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Does corruption promote emigration? An empirical examination

Listed author(s):
  • Arusha Cooray

    ()

    (Nottingham University Business School)

  • Friedrich Schneider

    ()

    (Johannes Kepler University of Linz)

Abstract This paper investigates the effects of corruption on the emigration rate of low-, medium- and high-skilled individuals at the country level. Fixed-effects, system generalized method of moments (GMM) and instrumental variable estimations are used to establish a causal relationship between emigration and corruption. The empirical results indicate that as corruption increases, the emigration rate of high-skilled migrants also increases. The emigration rate of individuals with low and medium levels of educational attainment, however, increases at low levels of corruption and then decreases beyond a threshold of 3.4–4.0, where corruption is measured on a scale of 0 (not corrupt) to 10 (totally corrupt). Splitting the sample by income inequality suggests that increased inequality reduces the ability for medium- and low-skilled migrants to emigrate. Therefore, government action should focus on controlling corruption in order to prevent a brain drain.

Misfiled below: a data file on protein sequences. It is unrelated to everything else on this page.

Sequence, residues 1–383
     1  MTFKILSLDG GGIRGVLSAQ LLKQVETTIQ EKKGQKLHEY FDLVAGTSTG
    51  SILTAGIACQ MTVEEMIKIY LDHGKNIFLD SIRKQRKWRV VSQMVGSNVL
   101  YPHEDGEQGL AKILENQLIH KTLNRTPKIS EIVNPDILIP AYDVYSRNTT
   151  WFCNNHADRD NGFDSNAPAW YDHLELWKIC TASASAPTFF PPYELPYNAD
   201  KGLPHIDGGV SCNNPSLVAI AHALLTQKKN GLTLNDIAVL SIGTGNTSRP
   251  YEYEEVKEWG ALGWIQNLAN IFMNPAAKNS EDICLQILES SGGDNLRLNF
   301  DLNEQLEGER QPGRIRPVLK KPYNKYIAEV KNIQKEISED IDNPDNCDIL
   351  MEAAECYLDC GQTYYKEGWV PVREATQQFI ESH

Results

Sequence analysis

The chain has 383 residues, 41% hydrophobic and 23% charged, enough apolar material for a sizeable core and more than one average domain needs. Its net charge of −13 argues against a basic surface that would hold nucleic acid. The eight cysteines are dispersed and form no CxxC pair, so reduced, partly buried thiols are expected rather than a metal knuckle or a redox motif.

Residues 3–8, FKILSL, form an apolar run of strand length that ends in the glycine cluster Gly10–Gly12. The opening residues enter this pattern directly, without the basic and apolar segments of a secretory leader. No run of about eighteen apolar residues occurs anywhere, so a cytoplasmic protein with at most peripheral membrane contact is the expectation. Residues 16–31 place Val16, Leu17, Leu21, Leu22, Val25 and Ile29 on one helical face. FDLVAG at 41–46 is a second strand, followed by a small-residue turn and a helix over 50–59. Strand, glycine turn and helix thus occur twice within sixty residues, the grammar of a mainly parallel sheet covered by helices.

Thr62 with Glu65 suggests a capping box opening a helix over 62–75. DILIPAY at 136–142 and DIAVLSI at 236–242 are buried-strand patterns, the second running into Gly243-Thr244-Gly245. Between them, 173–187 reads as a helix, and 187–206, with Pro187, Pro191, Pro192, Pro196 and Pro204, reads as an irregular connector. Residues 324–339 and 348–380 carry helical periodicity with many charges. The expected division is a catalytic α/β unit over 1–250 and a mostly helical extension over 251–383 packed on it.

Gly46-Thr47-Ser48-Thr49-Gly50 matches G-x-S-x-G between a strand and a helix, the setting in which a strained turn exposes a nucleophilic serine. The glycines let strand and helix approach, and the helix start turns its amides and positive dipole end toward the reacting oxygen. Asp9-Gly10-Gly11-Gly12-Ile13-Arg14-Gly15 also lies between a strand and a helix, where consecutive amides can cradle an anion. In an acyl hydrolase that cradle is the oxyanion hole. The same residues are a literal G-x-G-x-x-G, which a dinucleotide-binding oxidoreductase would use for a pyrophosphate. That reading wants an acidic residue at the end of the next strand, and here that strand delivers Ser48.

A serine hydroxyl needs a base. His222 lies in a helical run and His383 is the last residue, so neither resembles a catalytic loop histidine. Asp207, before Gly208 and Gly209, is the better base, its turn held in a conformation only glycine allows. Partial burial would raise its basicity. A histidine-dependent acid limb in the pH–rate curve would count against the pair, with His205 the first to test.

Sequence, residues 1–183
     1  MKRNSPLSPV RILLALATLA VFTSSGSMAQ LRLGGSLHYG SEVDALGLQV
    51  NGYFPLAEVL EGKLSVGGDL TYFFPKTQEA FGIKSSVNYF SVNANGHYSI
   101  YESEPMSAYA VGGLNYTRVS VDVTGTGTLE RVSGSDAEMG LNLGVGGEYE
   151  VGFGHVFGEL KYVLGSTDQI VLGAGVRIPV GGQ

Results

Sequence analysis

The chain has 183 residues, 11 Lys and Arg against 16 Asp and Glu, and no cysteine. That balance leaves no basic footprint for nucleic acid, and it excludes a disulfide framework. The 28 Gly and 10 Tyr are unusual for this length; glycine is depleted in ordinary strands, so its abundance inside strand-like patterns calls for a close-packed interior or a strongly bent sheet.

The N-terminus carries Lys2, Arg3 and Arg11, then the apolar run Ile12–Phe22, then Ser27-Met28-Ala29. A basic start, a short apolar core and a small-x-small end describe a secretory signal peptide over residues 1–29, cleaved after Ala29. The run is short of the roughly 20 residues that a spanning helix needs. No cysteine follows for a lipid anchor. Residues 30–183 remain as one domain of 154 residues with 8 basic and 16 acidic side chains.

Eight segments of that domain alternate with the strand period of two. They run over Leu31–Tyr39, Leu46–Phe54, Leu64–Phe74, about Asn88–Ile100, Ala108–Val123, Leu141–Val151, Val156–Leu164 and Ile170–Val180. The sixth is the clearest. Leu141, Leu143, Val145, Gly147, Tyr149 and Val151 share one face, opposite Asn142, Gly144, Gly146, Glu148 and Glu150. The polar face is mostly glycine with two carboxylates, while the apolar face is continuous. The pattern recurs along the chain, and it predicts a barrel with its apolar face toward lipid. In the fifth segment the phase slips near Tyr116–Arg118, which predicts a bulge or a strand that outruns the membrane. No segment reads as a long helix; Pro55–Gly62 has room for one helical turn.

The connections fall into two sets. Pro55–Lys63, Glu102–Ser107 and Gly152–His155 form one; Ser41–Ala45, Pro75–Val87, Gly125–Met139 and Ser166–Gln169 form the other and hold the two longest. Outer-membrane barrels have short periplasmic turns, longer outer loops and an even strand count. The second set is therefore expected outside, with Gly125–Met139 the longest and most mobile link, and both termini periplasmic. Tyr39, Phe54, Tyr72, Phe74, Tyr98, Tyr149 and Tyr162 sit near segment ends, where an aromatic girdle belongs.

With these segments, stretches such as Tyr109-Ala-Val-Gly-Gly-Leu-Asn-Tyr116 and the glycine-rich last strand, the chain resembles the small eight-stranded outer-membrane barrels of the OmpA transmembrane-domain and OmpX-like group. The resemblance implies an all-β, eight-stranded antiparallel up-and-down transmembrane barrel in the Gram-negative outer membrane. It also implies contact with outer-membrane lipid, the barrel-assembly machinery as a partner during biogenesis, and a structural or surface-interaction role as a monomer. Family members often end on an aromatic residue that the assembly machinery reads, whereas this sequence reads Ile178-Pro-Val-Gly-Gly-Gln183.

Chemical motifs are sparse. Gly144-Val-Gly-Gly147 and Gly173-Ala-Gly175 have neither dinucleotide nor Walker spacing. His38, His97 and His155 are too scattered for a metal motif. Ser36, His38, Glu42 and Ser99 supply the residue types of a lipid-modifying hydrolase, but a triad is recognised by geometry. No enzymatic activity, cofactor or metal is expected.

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File URL: http://link.springer.com/10.1007/s00148-015-0563-y
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Article provided by Springer & European Society for Population Economics in its journal Journal of Population Economics.

Volume (Year): 29 (2016)
Issue (Month): 1 (January)
Pages: 293-310

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Handle: RePEc:spr:jopoec:v:29:y:2016:i:1:d:10.1007_s00148-015-0563-y
DOI: 10.1007/s00148-015-0563-y
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